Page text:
Putin praises Xi Jinping’s proposals for ending war in Ukraine ahead of two-day visit to China

Two leaders are expected to sign bilateral economic deals, and reaffirm their opposition to dominant position of US in global affairs

Russian president Vladimir Putin has praised Xi Jinping’s proposals for ending the war in Ukraine ahead of a two-day visit to China aimed at shoring up support from his most powerful international partner. Mr Putin said China had shown a genuine desire to end the war as well as an understanding of the root causes of the conflict and its global geopolitical significance.

When Beijing published a 12-point plan for peace last year it met a lukewarm response from Moscow and was dismissed by Ukraine and its western allies. But the Russian president said that four additional principles outlined by Mr Xi last month, when he called for a cooling down of the conflict, could form the basis for a peace process.

“Beijing proposes practicable and constructive steps to achieve peace by refraining from pursuing vested interests and constant escalation of tensions, minimising the negative impact of the conflict on the global economy and the stability of global value chains,” Mr Putin told the Chinese news agency Xinhua.

“The steps build on the idea that we need to forego the ‘cold war mentality’ and ensure indivisible security and respect for international law and the UN Charter in their entirety and interrelation. They could therefore lay the groundwork for a political and diplomatic process that would take into account Russia’s security concerns and contribute to achieving a long-term and sustainable peace.”

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China is officially neutral in the conflict but it has offered economic and diplomatic support to Russia, and trade between the two countries has surged since the invasion of Ukraine in February 2022. When Mr Xi met French president Emmanuel Macron in Paris last week he said he would not supply weapons to Russia and would monitor the export of “dual use” products that could help the war effort.

Mr Xi also endorsed Mr Macron’s call for a truce to coincide with the Olympic Games, which will be held in Paris for two weeks from July 26th. Mr Putin has not yet commented on the proposal for an Olympic truce and Russia has not been invited to take part in a peace conference in Switzerland next month.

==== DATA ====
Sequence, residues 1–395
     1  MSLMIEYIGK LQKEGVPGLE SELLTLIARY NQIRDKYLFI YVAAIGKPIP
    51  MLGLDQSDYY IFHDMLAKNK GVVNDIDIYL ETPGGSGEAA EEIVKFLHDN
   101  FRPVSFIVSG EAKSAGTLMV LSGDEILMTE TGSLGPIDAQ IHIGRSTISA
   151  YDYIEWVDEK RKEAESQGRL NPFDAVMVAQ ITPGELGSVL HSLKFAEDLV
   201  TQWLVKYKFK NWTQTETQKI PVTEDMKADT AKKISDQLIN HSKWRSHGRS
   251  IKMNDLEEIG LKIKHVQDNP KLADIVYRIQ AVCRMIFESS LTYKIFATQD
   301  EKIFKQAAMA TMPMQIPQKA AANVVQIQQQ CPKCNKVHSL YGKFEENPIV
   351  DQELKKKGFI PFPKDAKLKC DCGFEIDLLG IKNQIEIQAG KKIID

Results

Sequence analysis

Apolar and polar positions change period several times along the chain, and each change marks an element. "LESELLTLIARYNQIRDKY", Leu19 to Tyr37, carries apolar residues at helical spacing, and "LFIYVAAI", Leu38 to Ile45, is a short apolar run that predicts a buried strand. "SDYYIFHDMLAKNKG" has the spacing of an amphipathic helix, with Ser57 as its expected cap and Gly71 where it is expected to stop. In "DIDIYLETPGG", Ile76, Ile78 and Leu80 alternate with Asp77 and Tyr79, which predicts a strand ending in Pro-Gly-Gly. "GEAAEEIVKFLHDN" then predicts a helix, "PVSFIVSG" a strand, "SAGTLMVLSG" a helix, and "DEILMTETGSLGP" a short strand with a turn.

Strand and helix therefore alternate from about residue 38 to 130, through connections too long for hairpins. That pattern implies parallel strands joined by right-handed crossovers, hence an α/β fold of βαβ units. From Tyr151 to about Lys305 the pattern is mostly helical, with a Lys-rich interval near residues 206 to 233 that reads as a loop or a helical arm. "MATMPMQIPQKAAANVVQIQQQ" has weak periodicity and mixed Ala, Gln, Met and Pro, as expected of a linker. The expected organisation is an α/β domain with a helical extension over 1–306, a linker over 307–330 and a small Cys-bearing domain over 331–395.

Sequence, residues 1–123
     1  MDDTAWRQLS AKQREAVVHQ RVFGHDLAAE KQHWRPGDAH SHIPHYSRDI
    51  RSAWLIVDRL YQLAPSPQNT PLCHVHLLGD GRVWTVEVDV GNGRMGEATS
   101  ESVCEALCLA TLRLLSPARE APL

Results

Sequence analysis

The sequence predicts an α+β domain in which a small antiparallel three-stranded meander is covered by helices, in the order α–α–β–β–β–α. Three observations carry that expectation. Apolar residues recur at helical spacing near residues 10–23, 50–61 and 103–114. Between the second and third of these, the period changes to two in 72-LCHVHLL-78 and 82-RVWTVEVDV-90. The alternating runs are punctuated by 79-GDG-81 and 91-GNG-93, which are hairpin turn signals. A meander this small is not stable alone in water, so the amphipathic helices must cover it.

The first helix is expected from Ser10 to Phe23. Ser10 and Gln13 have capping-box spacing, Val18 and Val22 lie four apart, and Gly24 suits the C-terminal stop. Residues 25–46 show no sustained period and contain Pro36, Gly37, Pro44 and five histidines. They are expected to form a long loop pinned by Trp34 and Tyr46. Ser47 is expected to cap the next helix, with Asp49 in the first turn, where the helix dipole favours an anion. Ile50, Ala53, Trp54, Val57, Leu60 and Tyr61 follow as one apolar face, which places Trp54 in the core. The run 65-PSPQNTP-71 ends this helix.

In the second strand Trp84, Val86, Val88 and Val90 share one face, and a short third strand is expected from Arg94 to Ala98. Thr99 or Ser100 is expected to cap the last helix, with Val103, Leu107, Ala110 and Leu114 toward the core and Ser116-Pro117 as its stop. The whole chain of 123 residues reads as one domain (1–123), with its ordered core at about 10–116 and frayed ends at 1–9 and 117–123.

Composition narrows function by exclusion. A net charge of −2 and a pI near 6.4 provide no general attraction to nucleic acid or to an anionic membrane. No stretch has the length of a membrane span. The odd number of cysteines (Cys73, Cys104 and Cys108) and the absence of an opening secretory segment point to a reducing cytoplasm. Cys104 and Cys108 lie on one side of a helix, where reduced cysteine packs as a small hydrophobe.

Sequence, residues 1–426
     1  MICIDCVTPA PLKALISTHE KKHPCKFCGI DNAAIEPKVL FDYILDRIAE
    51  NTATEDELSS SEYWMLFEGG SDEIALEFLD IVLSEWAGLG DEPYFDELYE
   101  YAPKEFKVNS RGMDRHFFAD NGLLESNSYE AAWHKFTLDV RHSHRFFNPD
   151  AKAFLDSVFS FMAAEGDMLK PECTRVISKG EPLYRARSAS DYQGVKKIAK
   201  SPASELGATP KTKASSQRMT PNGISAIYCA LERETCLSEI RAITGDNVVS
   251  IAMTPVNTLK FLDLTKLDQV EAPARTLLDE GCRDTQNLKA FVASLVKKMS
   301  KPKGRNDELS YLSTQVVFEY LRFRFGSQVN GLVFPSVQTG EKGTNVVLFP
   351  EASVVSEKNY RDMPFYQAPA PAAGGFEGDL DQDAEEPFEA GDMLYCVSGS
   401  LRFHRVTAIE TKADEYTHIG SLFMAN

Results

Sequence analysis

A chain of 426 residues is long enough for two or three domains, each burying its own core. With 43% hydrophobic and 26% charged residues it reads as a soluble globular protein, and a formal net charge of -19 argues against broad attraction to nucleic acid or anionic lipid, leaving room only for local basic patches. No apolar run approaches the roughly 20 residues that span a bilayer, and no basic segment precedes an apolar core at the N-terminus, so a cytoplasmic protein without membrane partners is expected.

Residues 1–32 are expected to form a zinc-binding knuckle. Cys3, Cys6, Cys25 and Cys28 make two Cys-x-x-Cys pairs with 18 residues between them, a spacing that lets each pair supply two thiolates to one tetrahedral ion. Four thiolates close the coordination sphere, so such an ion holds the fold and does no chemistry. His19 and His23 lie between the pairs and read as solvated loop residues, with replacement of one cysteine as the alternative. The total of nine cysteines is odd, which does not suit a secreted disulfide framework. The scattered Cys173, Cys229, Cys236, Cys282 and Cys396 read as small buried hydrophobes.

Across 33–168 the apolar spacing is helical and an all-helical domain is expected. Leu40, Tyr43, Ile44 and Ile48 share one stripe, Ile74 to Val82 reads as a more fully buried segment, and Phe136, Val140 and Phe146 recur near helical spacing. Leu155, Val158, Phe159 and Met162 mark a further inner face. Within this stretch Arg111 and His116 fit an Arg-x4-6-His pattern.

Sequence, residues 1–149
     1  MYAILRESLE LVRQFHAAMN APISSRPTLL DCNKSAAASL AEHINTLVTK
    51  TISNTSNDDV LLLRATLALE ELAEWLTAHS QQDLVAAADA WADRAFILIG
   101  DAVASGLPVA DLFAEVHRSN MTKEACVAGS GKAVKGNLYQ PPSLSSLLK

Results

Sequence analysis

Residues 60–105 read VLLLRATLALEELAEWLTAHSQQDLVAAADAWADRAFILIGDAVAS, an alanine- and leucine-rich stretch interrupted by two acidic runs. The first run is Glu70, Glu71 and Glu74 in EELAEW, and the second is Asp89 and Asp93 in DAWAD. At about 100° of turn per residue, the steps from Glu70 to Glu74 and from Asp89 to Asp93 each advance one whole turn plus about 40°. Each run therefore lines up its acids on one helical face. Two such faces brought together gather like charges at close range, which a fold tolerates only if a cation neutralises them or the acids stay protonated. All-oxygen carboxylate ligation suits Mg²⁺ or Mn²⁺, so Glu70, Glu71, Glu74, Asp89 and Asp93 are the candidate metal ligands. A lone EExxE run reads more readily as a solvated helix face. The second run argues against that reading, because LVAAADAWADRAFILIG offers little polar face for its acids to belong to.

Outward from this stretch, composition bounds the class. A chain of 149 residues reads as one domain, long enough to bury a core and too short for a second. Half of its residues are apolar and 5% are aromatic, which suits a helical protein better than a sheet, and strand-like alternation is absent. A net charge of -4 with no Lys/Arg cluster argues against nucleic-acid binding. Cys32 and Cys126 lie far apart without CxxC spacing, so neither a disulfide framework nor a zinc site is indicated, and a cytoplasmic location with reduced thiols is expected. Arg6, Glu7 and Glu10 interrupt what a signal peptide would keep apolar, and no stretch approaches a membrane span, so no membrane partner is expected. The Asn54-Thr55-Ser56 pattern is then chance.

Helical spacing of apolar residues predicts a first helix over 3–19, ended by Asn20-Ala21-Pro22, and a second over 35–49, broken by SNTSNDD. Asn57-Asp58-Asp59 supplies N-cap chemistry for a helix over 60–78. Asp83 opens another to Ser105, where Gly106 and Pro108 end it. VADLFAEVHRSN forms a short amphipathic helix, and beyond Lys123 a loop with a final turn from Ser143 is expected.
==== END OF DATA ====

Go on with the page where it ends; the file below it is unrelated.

The conference will discuss the Chinese peace proposals alongside others including the Ukrainian peace plan, which calls for the withdrawal of all Russian forces from Ukraine. Mr Putin has demanded that Russia’s battlefield gains must be taken into account in any settlement, but he claimed on Wednesday that he had always been willing to negotiate.

“We are seeking a comprehensive, sustainable and just settlement of this conflict through peaceful means. We are open to a dialogue on Ukraine, but such negotiations must take into account the interests of all countries involved in the conflict, including ours. They must also involve a substantive discussion on global stability and security guarantees for Russia’s opponents and, naturally, for Russia itself,” he told Xinhua.

“Needless to say these must be reliable guarantees. That is where the main problem is since we are dealing with states whose ruling circles seek to substitute the world order based on international law with an “order based on certain rules,” which they keep talking about but which no one has ever seen, no one has agreed to, and which, apparently, tend to change depending on the current political situation and interests of those who invent these rules.”

Mr Putin’s visit to China follows his inauguration last week for a fifth term as president and it will be his 42nd meeting with Mr Xi, who chose Russia for his first foreign trip after he began his third presidential term last year. The two leaders are expected to sign a number of bilateral economic deals, as well as reaffirming their strategic partnership and their shared opposition to the hegemonic position of the United States in global affairs.

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